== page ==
Let me start by wishing the former Archbishop of Dublin, Cardinal Desmond Connell, a long, happy and healthy retirement. I sincerely hope he takes the time to enjoy doing the things he likes to do now that his retirement from office will afford him more personal time. Both Cardinal Connell, and indeed the former Archbishop of Armagh, Cardinal Cathal Daly, have both apologised many times for the hurt caused to victims of child sexual abuse by catholic priests and religious. And Cardinal Connell has also apologised for the way in which the church chose to handle allegations of clerical child sexual abuse. Forgiveness may come later, but for now I can accept such apologies - as far as they go.
Archbishop Diarmuid Martin says history will see that Cardinal Connell acted in accordance with his own conscience. Quite how history is meant to judge whether anyone ever acted in accordance with his or her conscience is beyond me. It may well suit the incoming Archbishop of Dublin to wait for the hand of history to bestow a glowing reference on the outgoing Archbishop of Dublin but in the meantime there is to be a state inquiry, if that's okay with both of them, and what is more important is whether Cardinal Connell and others in the church acted in accordance with the laws of the land, as the rest of us are required to do.
People have asked me many times in recent months what I think of Archbishop Martin and my answer is always the same - I'll tell you when I see the extent to which the Archdiocese of Dublin co-operates with the upcoming inquiry under his leadership. This inquiry will be a real indicator as to whether or not the new Archbishop is 'the breath of fresh air' some people are hailing him as. It will also indicate whether or not I am foolish to accept the Cardinal's apologies - because if he doesn't co-operate fully and honestly then such apologies amount to nothing.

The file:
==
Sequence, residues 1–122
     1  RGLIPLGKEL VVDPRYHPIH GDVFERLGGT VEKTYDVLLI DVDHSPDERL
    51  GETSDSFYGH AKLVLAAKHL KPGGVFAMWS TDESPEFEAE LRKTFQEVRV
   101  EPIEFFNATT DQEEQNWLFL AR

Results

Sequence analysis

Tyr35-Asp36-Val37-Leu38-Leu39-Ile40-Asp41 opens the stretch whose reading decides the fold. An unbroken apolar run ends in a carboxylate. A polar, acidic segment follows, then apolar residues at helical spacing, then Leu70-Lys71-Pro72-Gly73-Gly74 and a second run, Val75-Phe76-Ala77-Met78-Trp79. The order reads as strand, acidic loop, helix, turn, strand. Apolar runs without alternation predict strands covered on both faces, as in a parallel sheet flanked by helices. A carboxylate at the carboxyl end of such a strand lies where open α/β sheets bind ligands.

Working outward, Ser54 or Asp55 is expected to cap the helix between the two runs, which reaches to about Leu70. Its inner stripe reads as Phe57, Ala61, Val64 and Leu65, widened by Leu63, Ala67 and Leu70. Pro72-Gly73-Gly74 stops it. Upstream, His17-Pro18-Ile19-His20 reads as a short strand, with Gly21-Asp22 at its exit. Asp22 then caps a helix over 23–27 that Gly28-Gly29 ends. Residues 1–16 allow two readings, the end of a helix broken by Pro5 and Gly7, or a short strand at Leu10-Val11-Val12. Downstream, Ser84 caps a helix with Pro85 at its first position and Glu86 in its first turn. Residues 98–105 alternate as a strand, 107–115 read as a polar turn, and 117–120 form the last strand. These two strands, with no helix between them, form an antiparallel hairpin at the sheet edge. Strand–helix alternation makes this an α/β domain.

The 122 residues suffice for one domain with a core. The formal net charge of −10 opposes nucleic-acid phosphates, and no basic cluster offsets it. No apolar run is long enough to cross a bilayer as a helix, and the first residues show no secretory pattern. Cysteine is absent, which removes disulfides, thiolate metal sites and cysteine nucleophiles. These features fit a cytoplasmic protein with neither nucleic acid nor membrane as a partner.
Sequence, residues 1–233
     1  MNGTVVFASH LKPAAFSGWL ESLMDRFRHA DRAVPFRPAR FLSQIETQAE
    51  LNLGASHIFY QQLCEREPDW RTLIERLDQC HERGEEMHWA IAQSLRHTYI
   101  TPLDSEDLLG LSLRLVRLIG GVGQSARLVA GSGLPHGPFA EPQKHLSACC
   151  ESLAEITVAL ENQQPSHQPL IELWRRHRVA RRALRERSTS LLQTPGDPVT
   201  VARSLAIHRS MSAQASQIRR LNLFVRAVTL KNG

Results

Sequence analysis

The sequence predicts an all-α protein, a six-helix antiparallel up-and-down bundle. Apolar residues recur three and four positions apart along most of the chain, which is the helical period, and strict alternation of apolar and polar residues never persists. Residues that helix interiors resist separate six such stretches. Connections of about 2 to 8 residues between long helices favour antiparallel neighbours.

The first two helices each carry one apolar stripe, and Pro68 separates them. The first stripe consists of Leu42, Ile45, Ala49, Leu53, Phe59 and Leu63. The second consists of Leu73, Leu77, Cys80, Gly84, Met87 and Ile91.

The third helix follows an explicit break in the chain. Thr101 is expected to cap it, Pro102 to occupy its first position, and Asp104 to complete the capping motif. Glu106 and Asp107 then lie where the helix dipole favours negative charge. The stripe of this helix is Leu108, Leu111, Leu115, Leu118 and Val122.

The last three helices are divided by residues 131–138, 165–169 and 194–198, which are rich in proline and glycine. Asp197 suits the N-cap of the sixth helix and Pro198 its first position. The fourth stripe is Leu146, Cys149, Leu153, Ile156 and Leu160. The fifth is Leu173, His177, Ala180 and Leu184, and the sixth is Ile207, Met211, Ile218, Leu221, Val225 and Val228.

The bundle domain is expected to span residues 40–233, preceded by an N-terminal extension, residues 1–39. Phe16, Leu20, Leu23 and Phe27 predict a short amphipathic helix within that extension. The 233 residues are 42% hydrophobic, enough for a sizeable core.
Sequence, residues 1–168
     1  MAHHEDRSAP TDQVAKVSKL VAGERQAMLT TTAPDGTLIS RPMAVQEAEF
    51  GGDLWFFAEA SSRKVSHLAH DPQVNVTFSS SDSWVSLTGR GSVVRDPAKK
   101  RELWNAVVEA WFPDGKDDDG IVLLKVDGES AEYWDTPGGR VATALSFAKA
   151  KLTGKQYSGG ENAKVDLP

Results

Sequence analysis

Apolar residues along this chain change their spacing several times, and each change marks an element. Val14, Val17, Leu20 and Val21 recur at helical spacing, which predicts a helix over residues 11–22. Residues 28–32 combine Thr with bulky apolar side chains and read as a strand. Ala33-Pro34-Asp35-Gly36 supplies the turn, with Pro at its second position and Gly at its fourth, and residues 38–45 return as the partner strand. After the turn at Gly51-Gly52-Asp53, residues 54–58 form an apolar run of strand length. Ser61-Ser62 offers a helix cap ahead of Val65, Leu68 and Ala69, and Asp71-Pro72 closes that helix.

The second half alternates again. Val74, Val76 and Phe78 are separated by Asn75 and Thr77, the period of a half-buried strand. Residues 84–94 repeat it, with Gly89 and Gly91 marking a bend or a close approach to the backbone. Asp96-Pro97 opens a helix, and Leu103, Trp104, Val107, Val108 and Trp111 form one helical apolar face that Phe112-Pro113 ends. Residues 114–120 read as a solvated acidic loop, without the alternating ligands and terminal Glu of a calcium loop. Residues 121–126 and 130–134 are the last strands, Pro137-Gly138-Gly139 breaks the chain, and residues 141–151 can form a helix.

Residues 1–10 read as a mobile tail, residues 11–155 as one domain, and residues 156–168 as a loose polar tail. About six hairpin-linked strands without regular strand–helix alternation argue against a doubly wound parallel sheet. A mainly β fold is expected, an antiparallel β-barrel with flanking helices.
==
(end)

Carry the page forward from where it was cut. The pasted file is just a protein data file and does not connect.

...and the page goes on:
Archbishop Martin has said he will sell whatever assets are needed in order to pay compensation to victims of child sexual abuse by priests. Some twenty acres of prime land around Clonliffe College has been mentioned which must be worth millions of Euro. I suspect the Archbishop was referring to the compensation being paid out as a result of abuses committed by diocesan clergy. But it would also be a welcome start to his period in office if he took the time to liase with his colleagues in the religious orders and if together they agreed to revisit the disgusting deal these orders have made with the government which leaves the taxpayer picking up the lion's share of the compensation bill to be paid as a result of abuses committed by Christian brothers and other religious.
As it stands the financial liability of the religious orders has been limited by the government, in an act of political expediency, to 127million Euro leaving the taxpayer to pick up the balance which the Comptroller and Auditor General as estimated will be several hundred million Euro more. How can it be right to apologise for the wrongs one has committed but leave it to others to foot any subsequent bill ? Let the diocesan authorities and the religious orders make an offer to the outgoing (it's only a matter of time) Minister of Education Mr Noel Dempsey to put this matter right. This too will help the rest of us to distinguish between empty words and genuine remorse.